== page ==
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Home / My Man

Man republic: Why ‘you may kiss the bride’ in weddings should stop

 Do you all really expect us to kiss in public? Is that even African? (Shutterstock)

I am writing this on behalf of all African men who were brought up well under strict conformity to our virtues. All men who respect the privacy of romance.

Questions have been raised over why most of us do not like weddings. Indeed, many African men skip this important stage of life, and this is not because weddings are expensive, no. We spend cumulative millions of money on things that aren’t as worthwhile.

For example, we drink thousands of shillings every weekend; we spend a lot on electronics and side chicks and so on. So money is not the problem.

Something we certainly have an issue with is this kissing of the bride during weddings. Do you all really expect us to kiss in public? Is that even African?

We were brought up to handle all issues romance in private. That’s why an average African man would almost always prefer to make out in darkness. We even get appalled when we watch television and see couples walking in broad daylight while holding hands. To us, that borders on pornography.

Why would you subject us to the ordeal of planning a wedding? It’s an ordeal because of the expenses involved. Not forgetting the relatives you have to ferry from the village, the copious amounts you have to spend on wedding reception venues, the food - and you know people do not come to weddings to eat bad food. They come to eat exotic dishes and dare they miss food, your wedding will become the talk of town for the rest of the year. All this and you still subject us to kissing the bride?

The kind of audience that graces our weddings cannot allow us to engage in any kind of public romance. Talk of our parents. Remember these are the same people who, just recently, would beat the heck out of us if they found out that we had invited a girl home.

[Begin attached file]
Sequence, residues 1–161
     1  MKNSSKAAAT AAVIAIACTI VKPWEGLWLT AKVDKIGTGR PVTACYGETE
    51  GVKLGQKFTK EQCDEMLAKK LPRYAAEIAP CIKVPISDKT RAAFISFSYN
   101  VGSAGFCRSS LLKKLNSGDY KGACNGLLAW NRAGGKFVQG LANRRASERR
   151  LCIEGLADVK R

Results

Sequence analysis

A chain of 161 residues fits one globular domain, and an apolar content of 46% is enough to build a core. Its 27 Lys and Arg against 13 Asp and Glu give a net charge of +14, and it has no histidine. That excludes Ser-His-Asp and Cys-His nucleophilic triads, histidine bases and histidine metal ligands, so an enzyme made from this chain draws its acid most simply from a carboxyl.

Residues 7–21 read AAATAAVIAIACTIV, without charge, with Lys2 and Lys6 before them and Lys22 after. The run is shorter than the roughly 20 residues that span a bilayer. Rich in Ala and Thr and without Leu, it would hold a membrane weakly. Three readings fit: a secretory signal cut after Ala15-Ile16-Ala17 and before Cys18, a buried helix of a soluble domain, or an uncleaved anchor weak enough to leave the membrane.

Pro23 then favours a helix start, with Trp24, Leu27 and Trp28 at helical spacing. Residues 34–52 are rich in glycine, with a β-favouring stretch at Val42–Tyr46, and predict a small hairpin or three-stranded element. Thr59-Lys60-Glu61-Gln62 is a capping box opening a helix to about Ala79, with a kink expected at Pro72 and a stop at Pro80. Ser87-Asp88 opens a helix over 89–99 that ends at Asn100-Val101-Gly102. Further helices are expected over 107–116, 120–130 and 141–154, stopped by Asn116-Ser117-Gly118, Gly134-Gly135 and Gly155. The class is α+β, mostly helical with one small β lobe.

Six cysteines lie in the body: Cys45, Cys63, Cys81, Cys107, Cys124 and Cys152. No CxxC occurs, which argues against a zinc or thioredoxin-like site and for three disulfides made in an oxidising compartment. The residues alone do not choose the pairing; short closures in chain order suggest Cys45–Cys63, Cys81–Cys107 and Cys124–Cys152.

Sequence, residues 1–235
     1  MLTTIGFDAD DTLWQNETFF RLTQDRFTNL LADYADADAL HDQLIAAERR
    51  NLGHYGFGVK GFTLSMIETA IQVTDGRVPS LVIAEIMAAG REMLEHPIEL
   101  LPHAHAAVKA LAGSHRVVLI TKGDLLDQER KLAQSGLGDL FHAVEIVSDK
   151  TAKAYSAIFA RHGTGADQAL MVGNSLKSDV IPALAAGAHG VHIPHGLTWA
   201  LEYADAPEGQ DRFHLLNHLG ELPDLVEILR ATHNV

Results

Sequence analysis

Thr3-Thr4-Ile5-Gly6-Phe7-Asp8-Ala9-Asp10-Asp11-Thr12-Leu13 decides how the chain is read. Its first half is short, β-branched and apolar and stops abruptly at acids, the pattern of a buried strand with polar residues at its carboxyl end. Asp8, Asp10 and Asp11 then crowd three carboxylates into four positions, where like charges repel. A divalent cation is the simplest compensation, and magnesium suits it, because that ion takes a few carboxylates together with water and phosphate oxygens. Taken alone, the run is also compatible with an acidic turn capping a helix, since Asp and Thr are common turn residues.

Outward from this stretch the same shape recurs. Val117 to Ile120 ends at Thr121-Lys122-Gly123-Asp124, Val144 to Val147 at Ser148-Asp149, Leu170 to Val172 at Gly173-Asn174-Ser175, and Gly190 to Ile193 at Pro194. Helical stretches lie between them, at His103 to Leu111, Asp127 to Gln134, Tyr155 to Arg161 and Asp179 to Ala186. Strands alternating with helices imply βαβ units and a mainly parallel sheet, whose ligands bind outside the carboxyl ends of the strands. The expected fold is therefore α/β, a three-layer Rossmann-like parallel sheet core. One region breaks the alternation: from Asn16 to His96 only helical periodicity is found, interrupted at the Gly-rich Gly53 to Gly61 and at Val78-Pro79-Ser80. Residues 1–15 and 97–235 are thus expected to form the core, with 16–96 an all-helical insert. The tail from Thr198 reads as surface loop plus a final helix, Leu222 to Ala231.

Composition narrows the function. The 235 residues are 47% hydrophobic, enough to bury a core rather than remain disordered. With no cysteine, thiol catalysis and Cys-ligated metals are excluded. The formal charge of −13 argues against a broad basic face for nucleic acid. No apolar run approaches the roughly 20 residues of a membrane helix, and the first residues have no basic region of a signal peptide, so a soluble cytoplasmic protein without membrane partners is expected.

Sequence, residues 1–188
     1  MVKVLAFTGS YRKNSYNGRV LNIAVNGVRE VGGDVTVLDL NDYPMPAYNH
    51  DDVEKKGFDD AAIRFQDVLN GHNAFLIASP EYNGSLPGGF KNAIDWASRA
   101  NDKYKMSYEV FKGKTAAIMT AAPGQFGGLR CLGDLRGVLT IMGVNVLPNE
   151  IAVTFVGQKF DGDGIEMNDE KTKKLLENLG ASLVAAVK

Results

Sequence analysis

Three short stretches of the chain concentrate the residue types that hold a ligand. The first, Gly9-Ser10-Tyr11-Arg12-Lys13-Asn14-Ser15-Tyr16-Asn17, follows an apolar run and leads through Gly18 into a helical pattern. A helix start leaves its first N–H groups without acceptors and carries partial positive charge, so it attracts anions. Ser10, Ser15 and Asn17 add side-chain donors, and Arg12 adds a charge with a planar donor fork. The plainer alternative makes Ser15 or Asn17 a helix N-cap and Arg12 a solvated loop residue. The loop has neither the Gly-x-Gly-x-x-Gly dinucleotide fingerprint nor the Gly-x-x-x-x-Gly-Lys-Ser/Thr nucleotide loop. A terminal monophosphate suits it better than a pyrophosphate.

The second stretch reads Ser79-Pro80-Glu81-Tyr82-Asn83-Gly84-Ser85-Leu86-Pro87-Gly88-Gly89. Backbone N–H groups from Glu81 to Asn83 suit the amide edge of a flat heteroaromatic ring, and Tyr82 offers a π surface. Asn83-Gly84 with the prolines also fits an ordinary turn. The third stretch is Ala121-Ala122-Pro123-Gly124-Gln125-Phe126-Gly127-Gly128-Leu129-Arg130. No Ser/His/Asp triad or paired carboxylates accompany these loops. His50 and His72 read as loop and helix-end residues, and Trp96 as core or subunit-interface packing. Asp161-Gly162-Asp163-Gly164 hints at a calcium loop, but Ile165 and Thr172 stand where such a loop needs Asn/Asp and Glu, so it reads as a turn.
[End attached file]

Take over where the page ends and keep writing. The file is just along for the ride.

We feared engaging in anything remotely sexual so much that once we came of age, our cottages were constructed metres away from our parents’ houses lest our escapedes were discovered.

Apart from our parents, our revered aunts also grace our weddings. These are the same people to whose houses we were dispatched to for sensitivity training whenever we erred in one way or another.

Aunts deserve maximum respect. Can you really kiss a woman in front of your aunt? The audience in African weddings also include the revered ‘Mama Kanisa’, in-laws to be, younger relatives....

This is a humble appeal to all authorities concerned with weddings. If you do not wish to see the dwindling number of weddings, review that clause or replace it with something uniquely African.

If you want us to hug, we can, but that will also take a struggle. Otherwise, we are fine with just shaking hands with our brides or something of that sort. Kissing is a no. May you all have an Africanly romantic weekend.



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@aseri-the-prince on twitter

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